The second morning task I enjoy is doing a crossword puzzle while I drink my coffee.  Puzzles in the newspaper are too easy so I bought a crossword puzzle-a-day calendar.  After Monday and Tuesday the puzzles get really hard.  I have no interest in remembering the first name of a golfer named Ballestero, the name of a punk rock subgenre, or which movie won an Oscar for best picture in 1972.  I get insanely hard answers from the backside of the puzzle which allows me to keep going.  This means I can finish the puzzle without being frustrated.

February 2, 2018

How I Know When I Need to Ask for Help

Reading instructions for how to submit a DNA sample triggered the thought process I use to decide if I need to ask for help.  My pre-stroke experience is not helpful because when I was able-bodied I had zero awareness of how I used both hands during many tasks.  So the first time I do a new task goes badly.  Yet I learned to never let my first attempt determine if I give up or keep trying.  I make a final decision to persevere or ask for help based on my learning curve -
how quickly I get better with each rehearsal.

Another strategy for deciding when to ask for help is how severe the consequences are if I fail.  I do not have to get up on a ladder to change the batteries in my smoke detectors to realize this could produce a very bad fall.  My friend John is glad to do this dangerous task for me.  And when I read the instructions for a DNA test I learned I would have to screw a tiny cap on a tiny tube so none of the blue fluid would leak out when I vigorously shake the contents.

I thought about the strategy I use to hold a tube of mascara while I remove the mascara wand.  But the cost of spilling the DNA test is high.  If I mess up I will have to pay $99 to buy another test kit. My friend Peggy was happy to do this tricky two-handed task for me.

January 28, 2018

The Zipping Challenge is Not What You Think

Velcro tabs do not keep me warm.  When I sit, gaps form between the Velcro tabs which lets body heat escape.  So I learned to zip my winter coat.  I was surprised to learn the hardest part is NOT grabbing the zipper tab.  The fabric tab attached to the metal tab (see white rectangle) and a rubber cot on my thumb that is used to count money makes pulling the zipper up easier.  The step that requires skill only my sound hand has is holding the bottom of the coat with 3 fingers.

The photo on the right shows that holding the bottom of a coat requires two separate skills.  First, my index finger on the bottom of the coat must push upwards to keep the two ends of the zipper perfectly aligned after they are joined.  Zippers do not work when they are not perfectly aligned.  Second, my thumb and middle finger must pinch the bottom of the coat to hold it still while my hemiplegic (paralysed) hand pulls the zipper tab up.  Some stroke survivors never recover this kind of individual finger control.

Task modifications described above make grasping the zipper tab easier. However, my hemiplegic hand can pull the zipper tab up only two inches.  Going higher forces my wrist to bend into flexion which makes my hand open.  Wrist flexion is how police force suspects to open their hand and drop a weapon.  After two inches, I switch so my hemiplegic hand is holding the bottom of the coat while my sound hand finishes the zipping.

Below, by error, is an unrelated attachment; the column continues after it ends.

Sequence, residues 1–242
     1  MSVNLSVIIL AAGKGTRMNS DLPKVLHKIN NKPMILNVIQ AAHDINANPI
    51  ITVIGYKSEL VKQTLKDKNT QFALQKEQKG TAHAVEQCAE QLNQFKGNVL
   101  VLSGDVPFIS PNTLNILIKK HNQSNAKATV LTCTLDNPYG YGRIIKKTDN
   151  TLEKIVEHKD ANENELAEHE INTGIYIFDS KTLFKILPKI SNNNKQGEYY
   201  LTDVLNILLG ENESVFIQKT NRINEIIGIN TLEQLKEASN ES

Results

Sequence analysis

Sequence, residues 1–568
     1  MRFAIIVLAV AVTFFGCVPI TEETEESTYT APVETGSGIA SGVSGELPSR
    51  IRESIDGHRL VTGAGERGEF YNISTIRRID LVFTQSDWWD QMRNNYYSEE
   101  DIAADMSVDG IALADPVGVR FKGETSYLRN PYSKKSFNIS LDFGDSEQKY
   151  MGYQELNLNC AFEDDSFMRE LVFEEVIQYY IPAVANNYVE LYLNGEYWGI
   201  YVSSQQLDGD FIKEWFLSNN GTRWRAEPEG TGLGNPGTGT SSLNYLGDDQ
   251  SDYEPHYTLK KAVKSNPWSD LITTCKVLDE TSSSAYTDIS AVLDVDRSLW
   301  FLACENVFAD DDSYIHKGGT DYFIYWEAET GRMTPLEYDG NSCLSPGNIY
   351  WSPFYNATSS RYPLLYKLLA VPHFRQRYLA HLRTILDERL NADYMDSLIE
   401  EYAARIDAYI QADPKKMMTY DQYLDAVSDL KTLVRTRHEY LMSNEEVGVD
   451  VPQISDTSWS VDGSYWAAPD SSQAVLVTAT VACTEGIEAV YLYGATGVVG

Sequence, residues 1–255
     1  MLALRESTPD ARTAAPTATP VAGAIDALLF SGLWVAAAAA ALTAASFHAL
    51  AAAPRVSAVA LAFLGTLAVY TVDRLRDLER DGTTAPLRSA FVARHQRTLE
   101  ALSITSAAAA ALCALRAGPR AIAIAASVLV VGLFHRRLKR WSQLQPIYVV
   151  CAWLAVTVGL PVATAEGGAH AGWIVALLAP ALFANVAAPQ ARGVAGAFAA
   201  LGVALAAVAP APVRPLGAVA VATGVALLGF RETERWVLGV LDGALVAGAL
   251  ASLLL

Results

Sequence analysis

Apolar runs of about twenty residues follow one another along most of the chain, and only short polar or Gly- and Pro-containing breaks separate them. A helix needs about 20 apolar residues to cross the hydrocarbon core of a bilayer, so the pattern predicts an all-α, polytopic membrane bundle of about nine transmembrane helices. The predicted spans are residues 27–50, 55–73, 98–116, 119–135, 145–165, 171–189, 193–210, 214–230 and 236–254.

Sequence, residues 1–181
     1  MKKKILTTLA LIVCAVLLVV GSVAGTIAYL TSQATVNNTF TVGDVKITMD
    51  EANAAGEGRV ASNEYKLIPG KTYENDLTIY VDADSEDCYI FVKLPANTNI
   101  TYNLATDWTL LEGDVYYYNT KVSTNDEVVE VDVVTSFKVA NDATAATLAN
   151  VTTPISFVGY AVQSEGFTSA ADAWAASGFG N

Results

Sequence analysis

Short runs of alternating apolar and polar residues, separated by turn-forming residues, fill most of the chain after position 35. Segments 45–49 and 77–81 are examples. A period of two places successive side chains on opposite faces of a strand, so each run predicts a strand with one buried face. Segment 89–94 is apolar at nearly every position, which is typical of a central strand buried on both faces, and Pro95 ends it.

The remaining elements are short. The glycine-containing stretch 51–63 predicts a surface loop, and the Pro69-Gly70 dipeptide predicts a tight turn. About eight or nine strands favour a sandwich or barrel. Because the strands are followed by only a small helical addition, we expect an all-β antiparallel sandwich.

January 20, 2018

A Skill That Shapes My Stroke Experience

My friend Peggy has a skill I am grateful for.  For example, I told Peggy my days of searching for objects in my purse are over.  After a short pause she said oh right - "you need one hand to hold objects out of the way so your other hand can dig for what you want."  I told Peggy I cannot use the middle seat of her van because I cannot sit on the edge of the seat and slide my body into the vehicle.  After a short pause I heard Peggy say "oh" as in "I understand."  There is nothing for me to sit on when Peggy opens the sliding door because the short middle seat leaves room for people to walk to the back seat.  I would have to climb into the van with nothing to hold onto.

Along with her caring heart, visual-motor skills make Peggy a God-sent when I ask for help.  She correctly guesses my dilemma because she sees a picture in her head and analyzes how I would have to move in that environment.  I am a visual-motor learner so it is a relief to talk to a person who has this same ability.  Without having a stroke, Peggy can see what will help me the most without my having to describe my problem in detail.

OTs call this type of analysis "person-environment fit."  Acquiring this skill as an OT changed the trajectory of my stroke experience.

January 11, 2018

Update on Urinary Incontinence

There is a stroke issue I have never shared with doctors, family, or friends - urinary incontinence.  After I feel the urge to urinate, I have 5 minutes to get to a toilet before I begin to slowly leak urine no matter how hard I squeeze my muscles.  I manage this problem by memorizing the location of every bathroom in the places I visit in the community.

What puzzled me is that I lose control only when I am 2 feet from the toilet.  I tried squeezing my muscles tightly as soon as I make the decision to go to the bathroom.  This strategy did not work during the final 2 feet.  Then I tried the opposite - thinking calming thoughts so I would not panic.  This also did not work.  Then I realized when I am talking to a person the urge to urinate goes away.  So I started picturing myself talking to an employee at the help desk located at the front of my grocery store.  There is NO WAY I am going to pee on myself in front of all the people entering the store.  To my surprise, creating this visual image gets me the last 2 feet to the toilet without fail.  What neurological pathway fires which allows a visual image to control a urinary sphincter muscle?